The ketogenic, or keto, diet continues to be one of the most popular dieting trends in the United States. This is mostly because some clinical evidence shows that it may help you lose weight and improve your health.

The keto diet is a very high fat, very low carb, moderate protein eating pattern. This way of eating induces a phenomenon called ketosis.

When you’re in ketosis, your body burns fat instead of glucose (usually from carbs) for energy.

While the keto diet may help you burn fat, there can also be side effects. Many of these side effects are related to your gastrointestinal (GI) tract reacting to the absence of carbs.

One such side effect is constipation. This means that you have three or fewer bowel movements per week. Being constipated may also make your stools hard and lumpy and difficult to pass.

Why does this happen? Read on to find out what causes constipation with the keto diet and what you can do to prevent it.

If the keto diet is supposed to improve your health, what causes your GI tract to react to this high fat, low carb way of eating? Here are some of the main reasons you may experience constipation while following the keto diet:

Adjustment to fewer carbs and more fat

Our bodies are designed to digest three macronutrients: carbs, fats, and protein. All three play important roles in health. However, when you follow the keto diet, your carbohydrate intake is drastically reduced.

Because carbohydrates like fruits and whole grains are some of the most common sources of fiber in the diet, transitioning to this low carb way of eating can lead to digestive issues like constipation.

Plus, some people may have a hard time transitioning to the very high fat content of the diet, which can also cause GI upset.

Not enough fiber

When you follow the keto diet, you typically only eat 20 to 50 grams (g) of carbs each day. This is far less than the Dietary Guidelines’ recommendation of 225 to 325 g of carbs, based on a 2,000-calorie diet.

Since higher carb, fiber-rich foods like fruits, whole grains, and starchy vegetables are off limits or significantly restricted for those following a keto diet, it can be a challenge to get enough fiber in the diet.

Fiber is essential for maintaining healthy bowel movements, so if a person following a keto diet is not consuming enough fiber from keto-friendly foods like nonstarchy vegetables, they may experience digestive issues like constipation.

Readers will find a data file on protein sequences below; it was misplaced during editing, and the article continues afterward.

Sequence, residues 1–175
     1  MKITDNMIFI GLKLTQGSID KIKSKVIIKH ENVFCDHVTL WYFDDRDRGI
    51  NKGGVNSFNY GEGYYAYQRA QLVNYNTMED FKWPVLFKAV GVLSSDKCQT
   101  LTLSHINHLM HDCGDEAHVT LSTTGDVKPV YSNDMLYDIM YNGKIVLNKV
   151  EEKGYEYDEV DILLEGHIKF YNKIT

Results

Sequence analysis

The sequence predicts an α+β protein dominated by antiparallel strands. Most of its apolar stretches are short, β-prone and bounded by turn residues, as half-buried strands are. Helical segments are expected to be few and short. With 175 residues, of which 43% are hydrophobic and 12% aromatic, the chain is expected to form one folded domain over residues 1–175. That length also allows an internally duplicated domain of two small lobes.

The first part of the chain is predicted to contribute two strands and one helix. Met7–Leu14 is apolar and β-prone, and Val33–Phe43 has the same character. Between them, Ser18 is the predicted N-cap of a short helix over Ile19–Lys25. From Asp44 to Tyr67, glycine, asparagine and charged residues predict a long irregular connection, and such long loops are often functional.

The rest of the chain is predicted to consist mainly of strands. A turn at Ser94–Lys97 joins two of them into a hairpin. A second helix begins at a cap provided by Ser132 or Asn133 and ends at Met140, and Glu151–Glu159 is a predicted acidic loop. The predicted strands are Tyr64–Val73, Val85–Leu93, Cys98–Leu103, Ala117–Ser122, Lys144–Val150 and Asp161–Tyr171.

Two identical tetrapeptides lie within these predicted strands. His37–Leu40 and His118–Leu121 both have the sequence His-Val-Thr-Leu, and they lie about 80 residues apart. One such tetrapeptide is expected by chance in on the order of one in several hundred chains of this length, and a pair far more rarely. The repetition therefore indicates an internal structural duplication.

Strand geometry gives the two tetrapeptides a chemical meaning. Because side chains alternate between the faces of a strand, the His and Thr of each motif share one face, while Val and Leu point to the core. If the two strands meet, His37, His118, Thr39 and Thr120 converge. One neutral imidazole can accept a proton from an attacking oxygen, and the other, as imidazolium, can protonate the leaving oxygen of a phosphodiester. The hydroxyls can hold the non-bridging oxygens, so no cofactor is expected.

Not consuming enough low carb, high fiber foods

While only about 5 to 10 percent of the food you eat on the keto diet is made up of carbs, the key is to make sure you’re eating the right kind.

It’s best to aim for nutritious, high fiber, keto-friendly foods like:

  • nonstarchy vegetables
  • nuts
  • flax or chia seeds
  • limited amounts of berries

A person following a keto diet can enjoy small amounts of lower carb fruits like raspberries as long as their total carbohydrate intake remains under 50 g or whatever amount is needed to maintain ketosis.

Long-term constipation can lead to complications, including anal fissures, hemorrhoids, and abdominal pain. That’s why you do not want it to go unchecked for too long.

If you’re new to the keto diet, you may find that your constipation only lasts a few days to a few weeks. As your body adjusts to digesting more fats and fewer carbs, your constipation may get better.

If your constipation continues to be an issue, try one of these home remedies:

  • Drink more water.
  • Add more fiber-rich foods to your diet, such as leafy greens, broccoli, nuts, seeds, and berries.
  • Go for a brisk walk after meals.
  • Try bowel training, a method where you pass stools at the same time every day.

If your constipation is not better after 3 weeks, be sure to make an appointment with a doctor. They can work with you to find the best treatment.

While over-the-counter stimulants may help, it’s best to talk with a doctor before taking any fiber supplements or laxatives. Some of these products are high in carbs, which can derail your efforts on the keto diet.

One way you can prevent constipation is by introducing the keto diet gradually.

For instance, you can start off with a daily carb intake on the higher end, around 50 g, and then slowly reduce your carb intake as your digestive system adjusts.

This approach can take a bit longer for you to reach ketosis. But you may be more likely to stick with the diet if you have fewer side effects.

Another way to prevent constipation with the keto diet is to make sure the fats and proteins you eat come from whole foods. Eating a lot of processed meals and fast foods can put extra stress on your GI system.

Processed foods usually do not provide much nutritional value. Also, they’re typically low in fiber, which you need to keep your gut in good working order.

It’s essential to make sure you’re regularly eating keto-friendly, high fiber foods like:

  • nonstarchy vegetables, including greens, broccoli, asparagus, and cauliflower
  • nuts and seeds
  • avocados
  • chia and flax seeds
  • unsweetened coconut

Finally, it’s important to make sure you drink enough water.

The keto diet may initially cause constipation as your body gets used to digesting fewer carbs and more fat. But as your GI tract adjusts to this way of eating, you may find that it becomes less of an issue.

You can also reduce your risk of constipation by eating more whole, high fiber foods to help keep your bowels moving.

If your constipation does not get better despite home remedies and treatments, it may be time to contact a doctor. They may recommend prescription medications or some dietary changes to help get your GI tract back in working order.